That said—there is a downside to leaving our family and friends behind. Logically, I know my feelings are irrational, but our good health, footloose and fancy free lifestyle and need to head south before winter has overwhelmed me with self-reproach this year. New life-threatening health issues of my loved ones have come to light and knowing I will not be available for daily support has given me pause for thought. I tell myself that Penny has wheels and even if the weather is bad, we can fly back if need be but even so, popping in for a few days in times of crisis just does not compare to being there for the long term. Have any of my firmly anchored readers or fellow full-timers dealt with these issues and if so, how did you handle them? I would love to hear from you.
Last Sunday we made the rounds saying good bye to family and friends then on Monday while the nation celebrated Labor Day we spent the day repacking the storage unit and loading The Lone Ranger. I had done some serious purging and rethinking our needs while we were in Shelton so packing up Penny on the inside was actually fairly easy. We stopped at sister, Dixie’s house for a couple hours of computer training then we all went to the my niece, Tammy and her husband, Steve’s home for a farewell dinner. I met the newest addition to the family, a tiny new puppy they named Isabella. What a darling animal and I received a major dog fix! On Tuesday, we went back to Dixie’s for her last dose of computer lessons then spent a few hours with our friends and gracious hosts, Gloria and Lester. All summer Gloria has been ill and although she has seen several different doctors, she can not seem to get any positive results. Hopefully, that will change pretty soon!
Our late morning departure was leisurely on Wednesday as we only had a little over 100 miles to travel before we stopped again at Clatskanie City Park in Oregon. The trip was uneventful (just the way we like them) and we enjoyed the sunshine as we traveled south. The park has two FHU spots and we signed up for five nights then prepared for some serious day trip sight seeing along the lower Columbia to Astoria and beyond. On Thursday evening we called our dear Aunt Elaine to find out what she had learned from her doctor’s appointment on Tuesday and the news was not good. For family members that are reading this I’m sure a phone call or a get well greeting would be appreciated by this special and much loved elder of our family.
On Thursday we discovered a little ferry and for three dollars rode across the Columbia River from Westport Oregon to Puget Island and the bridge to Cathlamet WA then traveled west on the WA side and crossed the Astoria-Megler Bridge back into Oregon. After taking a cursory orientation tour of Astoria; preparing for some serious sight seeing on Friday we headed on down the coast to Seaside. Neither of us had ever been there before and it was indeed a sight to see! A weekend car show was starting on Saturday so the town was crowded with classic cars and their enthusiasts. A carnival atmosphere prevailed and although we didn’t stop and spend any of our tourist dollars it was not because the opportunity wasn’t there! No doubt in winter, the place is deserted but this litle town has gone all out to show off for the summer time visitors.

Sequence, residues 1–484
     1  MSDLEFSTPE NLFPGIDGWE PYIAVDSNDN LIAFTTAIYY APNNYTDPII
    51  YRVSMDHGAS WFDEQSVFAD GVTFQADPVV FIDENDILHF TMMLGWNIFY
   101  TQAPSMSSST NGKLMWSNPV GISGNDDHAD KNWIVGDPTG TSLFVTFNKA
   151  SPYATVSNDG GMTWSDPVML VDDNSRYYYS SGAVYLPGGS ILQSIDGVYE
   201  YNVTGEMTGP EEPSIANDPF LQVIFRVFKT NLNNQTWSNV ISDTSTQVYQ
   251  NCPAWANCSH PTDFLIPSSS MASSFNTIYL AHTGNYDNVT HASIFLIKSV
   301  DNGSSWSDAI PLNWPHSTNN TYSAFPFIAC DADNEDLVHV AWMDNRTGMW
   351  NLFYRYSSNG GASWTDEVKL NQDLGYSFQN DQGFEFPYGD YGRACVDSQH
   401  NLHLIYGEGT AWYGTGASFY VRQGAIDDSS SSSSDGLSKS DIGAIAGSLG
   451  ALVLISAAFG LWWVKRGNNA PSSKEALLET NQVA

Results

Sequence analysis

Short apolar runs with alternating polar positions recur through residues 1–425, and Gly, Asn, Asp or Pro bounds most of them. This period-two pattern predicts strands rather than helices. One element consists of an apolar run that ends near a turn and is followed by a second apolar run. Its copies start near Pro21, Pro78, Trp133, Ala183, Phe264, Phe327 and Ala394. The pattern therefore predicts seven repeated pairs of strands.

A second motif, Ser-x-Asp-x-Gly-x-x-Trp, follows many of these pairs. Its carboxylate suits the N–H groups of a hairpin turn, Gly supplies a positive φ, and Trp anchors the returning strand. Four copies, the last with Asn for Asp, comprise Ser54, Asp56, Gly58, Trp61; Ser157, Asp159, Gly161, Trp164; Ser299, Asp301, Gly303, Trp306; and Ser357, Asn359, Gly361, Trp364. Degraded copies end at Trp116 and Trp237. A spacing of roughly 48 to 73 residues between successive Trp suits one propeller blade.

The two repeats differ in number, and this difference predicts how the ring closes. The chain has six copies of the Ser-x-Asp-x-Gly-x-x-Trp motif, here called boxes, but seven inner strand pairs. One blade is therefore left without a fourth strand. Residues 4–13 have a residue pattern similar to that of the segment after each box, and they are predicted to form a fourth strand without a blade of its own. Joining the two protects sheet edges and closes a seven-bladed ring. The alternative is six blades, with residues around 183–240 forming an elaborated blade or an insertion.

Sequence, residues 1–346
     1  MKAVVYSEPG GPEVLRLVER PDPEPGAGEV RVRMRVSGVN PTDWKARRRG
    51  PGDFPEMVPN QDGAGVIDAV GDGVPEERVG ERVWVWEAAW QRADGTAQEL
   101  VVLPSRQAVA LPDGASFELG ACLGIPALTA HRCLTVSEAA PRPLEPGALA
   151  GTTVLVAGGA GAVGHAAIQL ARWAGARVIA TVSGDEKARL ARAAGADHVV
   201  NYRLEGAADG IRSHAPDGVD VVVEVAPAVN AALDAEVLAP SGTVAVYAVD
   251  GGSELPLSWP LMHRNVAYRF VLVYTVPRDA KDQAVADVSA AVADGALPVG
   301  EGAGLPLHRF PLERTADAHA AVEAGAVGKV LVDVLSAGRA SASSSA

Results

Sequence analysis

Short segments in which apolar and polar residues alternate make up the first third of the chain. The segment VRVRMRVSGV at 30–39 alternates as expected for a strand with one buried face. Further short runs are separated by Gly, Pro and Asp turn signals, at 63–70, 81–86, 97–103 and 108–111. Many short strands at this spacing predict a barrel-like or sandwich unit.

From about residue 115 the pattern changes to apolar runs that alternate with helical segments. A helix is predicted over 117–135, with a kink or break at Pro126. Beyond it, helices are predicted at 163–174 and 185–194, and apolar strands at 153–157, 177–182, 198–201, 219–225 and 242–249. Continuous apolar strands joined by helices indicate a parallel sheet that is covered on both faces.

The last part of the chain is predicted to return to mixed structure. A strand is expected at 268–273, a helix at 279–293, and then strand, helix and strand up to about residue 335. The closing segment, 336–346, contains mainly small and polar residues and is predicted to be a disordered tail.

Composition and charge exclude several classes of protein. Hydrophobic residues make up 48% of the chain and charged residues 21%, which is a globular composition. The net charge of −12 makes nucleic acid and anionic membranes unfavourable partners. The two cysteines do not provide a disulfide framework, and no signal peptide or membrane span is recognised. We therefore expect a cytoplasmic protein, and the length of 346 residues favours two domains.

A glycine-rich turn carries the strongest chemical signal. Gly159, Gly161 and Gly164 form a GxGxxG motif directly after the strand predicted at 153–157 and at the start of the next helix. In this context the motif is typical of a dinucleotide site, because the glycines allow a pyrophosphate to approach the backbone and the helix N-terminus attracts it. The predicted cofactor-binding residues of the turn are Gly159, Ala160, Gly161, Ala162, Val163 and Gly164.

Friday was a full day as we toured all the places in the area that I have had on my list of things to see and do for many years (pictures to follow). It was somewhat cloudy in the morning but the weather cleared off and warmed up making it a beautiful day for our adventures. I don’t usually write a critique of restaurants unless it is exceptionally good but in late afternoon we had dinner at a place on the waterfront called Baked Alaska. The write up in the “US 101 Mile by Mile” website on the Internet made the restaurant sound very special and although we knew it would be expensive, we decided to indulge ourselves. Well, even Joy and Phil draw the line on the cost of restaurant food occasionally and after choking on the prices and expressing surprise at the very limited menu we finally ordered one baked oyster appetizer and two bowls of clam chowder. Phil and I consider ourselves connoisseurs of both and both were a disappointment. The best part of the meal was the dip of pungent extra virgin olive oil and quite possibly the best balsamic vinegar I have ever tasted, for the delicious foccacia bread. The service and presentation were fair to average and I should have known better but after hearing they had a chocolate chip-peanut butter cheese cake I ordered a slice to go. After much anticipation my few bites were such a let down I gladly put aside the remainder for Phil. He thought it was okay—too sweet but okay. Be forewarned that if you want a perfectly exquisite view of the Astoria harbor this is the place to eat but if you want flawlessly prepared cuisine or if not the greatest at least reasonable prices … forget it.
Yesterday morning I called my granddaughter, Megan and left a message for her to call us back. She lives in Longview and we were sure we would hear from her soon so we decided to drive over hoping she would call before we had to leave. After having breakfast at one of our favorite restaurants in town called The Pancake House we went shopping for a new wireless WiFi card for Phil’s laptop hoping to fix some connection problems he has been having. We found one at Wal*Mart and I picked up several other things I needed. Megan still hadn’t called us back so we wandered over to Circuit City and Phil picked the brain of one of the many “Geeks” on the sales floor.